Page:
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Chem Biol Interact. 2019 May 1;304:158-167. doi: 10.1016/j.cbi.2019.02.028. Epub 2019 Mar 2.

β-Caryophyllene, a natural bicyclic sesquiterpene attenuates doxorubicin-induced chronic cardiotoxicity via activation of myocardial cannabinoid type-2 (CB2) receptors in rats.

Author information

1
Department of Pharmacology and Therapeutics, College of Medicine and Health Sciences, United Arab Emirates University, 17666, Al Ain, United Arab Emirates.
2
Department of Anatomy, College of Medicine and Health Sciences, United Arab Emirates University, 17666, Al Ain, United Arab Emirates.
3
Department of Pharmacology and Therapeutics, College of Medicine and Health Sciences, United Arab Emirates University, 17666, Al Ain, United Arab Emirates. Electronic address: shreeshojha@uaeu.ac.ae.

Abstract

The cannabinoid type 2 receptor (CB2) has recently emerged as an important therapeutic target for cancer as well as cardiovascular diseases. The CB2 receptor downregulation has been reported in solid tumors and cardiovascular diseases, therefore the CB2 receptor activation has been considered as a viable strategy for chemotherapy as well as cardioprotection. Doxorubicin (DOX) is an important drug that continues to be the mainstay of chemotherapy in solid tumors, leukemia, and lymphoma. However, the use of DOX is often limited due to its lethal cardiotoxicity. Considering the role of CB2 receptors in cardiovascular diseases and cancer, the activation of CB2 receptors may protect against DOX-induced chronic cardiotoxicity in rats. In the present study, we investigated the cardioprotective effect of a selective CB2 receptor agonist; β-Caryophyllene (BCP), a natural bicyclic sesquiterpene, against DOX-induced chronic cardiotoxicity in rats. AM630, a CB2 receptor antagonist was administered as a pharmacological challenge prior to BCP treatment to demonstrate CB2 receptor mediated cardioprotective mechanism of BCP. DOX (2.5 mg/kg) was injected intraperitoneally once a week for five weeks to induce chronic cardiotoxicity in rats. BCP was also injected into rats six days a week for a total duration of five weeks. DOX induced a significant decline in cardiac function and oxidative stress evidenced by the depletion of antioxidant enzymes, glutathione, and increased lipid peroxidation. DOX also triggered activation of nuclear factor kappa B (NF-κB) and increased the levels of pro-inflammatory cytokines (TNF-α, IL-6, and IL-1β) and expression of the inflammatory mediators (iNOS and COX-2) in the heart. Furthermore, DOX also upregulated the expression of pro-apoptotic markers such as Bax, p53, cleaved PARP, active caspase-3 and downregulated anti-apoptotic marker Bcl-2 in the myocardium. BCP treatment exerted significant cardioprotective effect by salvaging the heart tissues, improving cardiac function, mitigating oxidative stress, inflammation, and apoptosis. The histological and ultrastructural studies also appear in line with our findings of biochemical and molecular parameters. The CB2 receptor-mediated cardioprotective mechanism was further confirmed by the abrogation of the beneficial effects of BCP with prior administration of the CB2 receptor antagonist; AM630. Our study revealed the novel mechanism of BCP in cardioprotection against DOX-induced chronic cardiotoxicity by the activation of CB2 receptors.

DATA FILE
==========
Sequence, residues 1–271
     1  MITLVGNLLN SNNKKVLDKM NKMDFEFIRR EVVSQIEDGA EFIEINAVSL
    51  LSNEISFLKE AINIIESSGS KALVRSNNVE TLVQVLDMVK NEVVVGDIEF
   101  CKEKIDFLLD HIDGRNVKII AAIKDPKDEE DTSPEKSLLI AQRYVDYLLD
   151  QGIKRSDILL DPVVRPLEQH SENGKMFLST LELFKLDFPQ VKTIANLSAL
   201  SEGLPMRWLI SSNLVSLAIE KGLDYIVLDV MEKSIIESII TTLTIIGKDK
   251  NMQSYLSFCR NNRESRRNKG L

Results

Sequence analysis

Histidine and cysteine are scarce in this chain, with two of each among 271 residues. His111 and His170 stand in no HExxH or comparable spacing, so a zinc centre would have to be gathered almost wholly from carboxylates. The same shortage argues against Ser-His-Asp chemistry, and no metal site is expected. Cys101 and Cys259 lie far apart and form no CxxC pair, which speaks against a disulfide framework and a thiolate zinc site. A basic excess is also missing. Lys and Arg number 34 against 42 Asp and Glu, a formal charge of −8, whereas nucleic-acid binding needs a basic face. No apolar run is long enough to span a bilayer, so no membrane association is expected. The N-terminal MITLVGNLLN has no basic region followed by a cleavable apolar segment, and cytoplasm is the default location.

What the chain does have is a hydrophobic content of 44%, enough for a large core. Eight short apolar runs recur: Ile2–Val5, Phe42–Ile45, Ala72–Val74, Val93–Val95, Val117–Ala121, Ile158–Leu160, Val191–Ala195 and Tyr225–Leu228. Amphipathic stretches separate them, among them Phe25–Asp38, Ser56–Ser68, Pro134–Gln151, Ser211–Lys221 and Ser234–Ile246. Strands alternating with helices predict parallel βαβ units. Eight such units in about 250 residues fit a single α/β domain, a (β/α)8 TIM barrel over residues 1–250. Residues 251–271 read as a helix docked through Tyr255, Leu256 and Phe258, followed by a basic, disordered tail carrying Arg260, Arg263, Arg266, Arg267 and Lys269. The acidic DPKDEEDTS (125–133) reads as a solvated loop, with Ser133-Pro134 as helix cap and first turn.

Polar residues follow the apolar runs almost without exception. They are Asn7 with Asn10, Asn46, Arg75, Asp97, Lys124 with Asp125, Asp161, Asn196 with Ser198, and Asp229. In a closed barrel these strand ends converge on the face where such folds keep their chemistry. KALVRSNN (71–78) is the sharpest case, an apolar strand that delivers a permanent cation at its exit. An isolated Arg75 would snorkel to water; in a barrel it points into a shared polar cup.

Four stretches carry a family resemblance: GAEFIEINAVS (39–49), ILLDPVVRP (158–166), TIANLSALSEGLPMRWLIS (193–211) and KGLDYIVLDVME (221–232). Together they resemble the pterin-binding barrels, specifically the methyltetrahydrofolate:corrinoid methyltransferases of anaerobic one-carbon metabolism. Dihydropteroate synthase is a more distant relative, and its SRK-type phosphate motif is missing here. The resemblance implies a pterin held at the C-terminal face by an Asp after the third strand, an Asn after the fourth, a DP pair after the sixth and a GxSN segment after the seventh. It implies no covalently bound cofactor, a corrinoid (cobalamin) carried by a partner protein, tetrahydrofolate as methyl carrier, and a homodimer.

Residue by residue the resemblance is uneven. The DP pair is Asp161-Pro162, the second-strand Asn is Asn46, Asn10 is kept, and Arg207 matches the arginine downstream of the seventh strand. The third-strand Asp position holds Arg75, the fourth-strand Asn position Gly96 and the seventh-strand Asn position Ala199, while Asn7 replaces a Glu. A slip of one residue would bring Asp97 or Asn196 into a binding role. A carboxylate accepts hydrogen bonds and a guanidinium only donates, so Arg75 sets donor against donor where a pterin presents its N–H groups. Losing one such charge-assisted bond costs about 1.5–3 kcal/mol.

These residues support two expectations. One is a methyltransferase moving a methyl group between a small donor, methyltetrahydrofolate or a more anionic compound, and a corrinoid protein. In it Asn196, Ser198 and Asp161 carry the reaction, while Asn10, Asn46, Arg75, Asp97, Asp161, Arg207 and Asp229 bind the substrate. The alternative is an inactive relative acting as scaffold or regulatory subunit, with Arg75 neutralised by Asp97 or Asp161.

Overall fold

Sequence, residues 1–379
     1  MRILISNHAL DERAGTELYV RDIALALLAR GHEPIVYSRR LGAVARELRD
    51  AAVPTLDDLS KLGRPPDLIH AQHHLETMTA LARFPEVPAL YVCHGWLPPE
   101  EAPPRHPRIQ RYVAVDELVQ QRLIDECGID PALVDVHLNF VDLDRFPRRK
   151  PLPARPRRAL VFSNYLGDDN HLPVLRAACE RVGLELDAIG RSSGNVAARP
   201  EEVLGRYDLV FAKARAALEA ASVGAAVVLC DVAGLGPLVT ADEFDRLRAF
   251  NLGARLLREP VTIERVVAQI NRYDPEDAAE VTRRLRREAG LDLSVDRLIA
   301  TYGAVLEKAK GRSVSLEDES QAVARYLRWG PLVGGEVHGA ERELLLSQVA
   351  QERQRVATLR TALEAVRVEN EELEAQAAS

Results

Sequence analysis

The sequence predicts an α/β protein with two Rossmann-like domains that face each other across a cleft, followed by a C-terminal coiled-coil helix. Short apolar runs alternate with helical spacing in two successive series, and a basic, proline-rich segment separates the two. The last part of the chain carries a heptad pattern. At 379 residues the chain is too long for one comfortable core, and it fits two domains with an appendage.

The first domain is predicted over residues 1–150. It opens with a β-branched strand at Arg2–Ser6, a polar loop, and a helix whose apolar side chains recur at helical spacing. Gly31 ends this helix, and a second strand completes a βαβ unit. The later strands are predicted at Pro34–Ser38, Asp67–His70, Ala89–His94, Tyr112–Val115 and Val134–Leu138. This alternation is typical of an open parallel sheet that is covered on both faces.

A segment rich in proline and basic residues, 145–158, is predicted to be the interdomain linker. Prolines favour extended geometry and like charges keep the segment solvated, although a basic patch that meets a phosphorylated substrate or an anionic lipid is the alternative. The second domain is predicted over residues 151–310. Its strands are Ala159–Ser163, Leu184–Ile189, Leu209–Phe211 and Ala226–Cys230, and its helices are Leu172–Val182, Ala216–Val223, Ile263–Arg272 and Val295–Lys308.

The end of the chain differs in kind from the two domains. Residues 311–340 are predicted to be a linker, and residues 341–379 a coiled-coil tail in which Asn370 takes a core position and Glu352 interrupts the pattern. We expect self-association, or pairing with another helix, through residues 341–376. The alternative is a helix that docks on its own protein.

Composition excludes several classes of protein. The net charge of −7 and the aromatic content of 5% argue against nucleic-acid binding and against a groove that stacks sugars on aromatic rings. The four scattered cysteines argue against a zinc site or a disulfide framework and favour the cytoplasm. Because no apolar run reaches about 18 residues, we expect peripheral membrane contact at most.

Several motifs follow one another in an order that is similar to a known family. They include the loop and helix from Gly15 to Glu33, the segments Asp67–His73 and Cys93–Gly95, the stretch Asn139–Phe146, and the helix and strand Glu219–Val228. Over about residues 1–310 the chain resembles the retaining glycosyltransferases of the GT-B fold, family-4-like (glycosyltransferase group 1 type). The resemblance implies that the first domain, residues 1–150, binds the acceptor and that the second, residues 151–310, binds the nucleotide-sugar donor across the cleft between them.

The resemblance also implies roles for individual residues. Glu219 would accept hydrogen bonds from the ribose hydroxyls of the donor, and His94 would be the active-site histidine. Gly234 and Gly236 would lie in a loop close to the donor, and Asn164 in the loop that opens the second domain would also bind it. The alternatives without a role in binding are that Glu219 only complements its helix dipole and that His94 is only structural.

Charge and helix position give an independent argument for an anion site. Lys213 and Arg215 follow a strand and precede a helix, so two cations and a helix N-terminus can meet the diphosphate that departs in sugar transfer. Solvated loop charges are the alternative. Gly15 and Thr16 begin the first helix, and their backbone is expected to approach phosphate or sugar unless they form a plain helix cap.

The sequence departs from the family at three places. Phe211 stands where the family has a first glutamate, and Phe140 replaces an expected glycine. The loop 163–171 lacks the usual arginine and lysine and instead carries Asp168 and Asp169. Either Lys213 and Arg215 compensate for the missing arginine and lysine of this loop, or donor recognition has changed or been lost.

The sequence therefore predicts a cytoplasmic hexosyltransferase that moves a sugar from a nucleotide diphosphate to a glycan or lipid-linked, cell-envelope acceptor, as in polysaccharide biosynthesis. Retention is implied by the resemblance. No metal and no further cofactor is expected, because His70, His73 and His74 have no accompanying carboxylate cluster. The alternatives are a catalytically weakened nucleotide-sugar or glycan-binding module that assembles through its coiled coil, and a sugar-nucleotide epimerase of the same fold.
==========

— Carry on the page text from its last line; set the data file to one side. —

KEYWORDS:

AM630; Cannabinoid 2 receptor; Cardiotoxicity; Doxorubicin; β-Caryophyllene

PMID:
30836069
DOI:
10.1016/j.cbi.2019.02.028

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